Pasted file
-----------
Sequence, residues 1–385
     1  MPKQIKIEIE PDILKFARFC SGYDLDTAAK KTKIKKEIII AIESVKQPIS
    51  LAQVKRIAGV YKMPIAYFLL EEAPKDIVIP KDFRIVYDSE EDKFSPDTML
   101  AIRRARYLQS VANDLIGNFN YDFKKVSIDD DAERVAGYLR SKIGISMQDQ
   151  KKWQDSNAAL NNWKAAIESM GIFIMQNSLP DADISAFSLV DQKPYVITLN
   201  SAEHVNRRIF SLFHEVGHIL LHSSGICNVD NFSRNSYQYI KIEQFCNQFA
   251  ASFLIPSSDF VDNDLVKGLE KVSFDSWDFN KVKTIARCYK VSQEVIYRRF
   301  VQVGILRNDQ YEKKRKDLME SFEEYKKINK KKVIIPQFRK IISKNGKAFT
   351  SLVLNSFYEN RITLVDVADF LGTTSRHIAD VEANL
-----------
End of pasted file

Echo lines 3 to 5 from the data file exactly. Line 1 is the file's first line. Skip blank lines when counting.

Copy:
    51  LAQVKRIAGV YKMPIAYFLL EEAPKDIVIP KDFRIVYDSE EDKFSPDTML
   101  AIRRARYLQS VANDLIGNFN YDFKKVSIDD DAERVAGYLR SKIGISMQDQ
   151  KKWQDSNAAL NNWKAAIESM GIFIMQNSLP DADISAFSLV DQKPYVITLN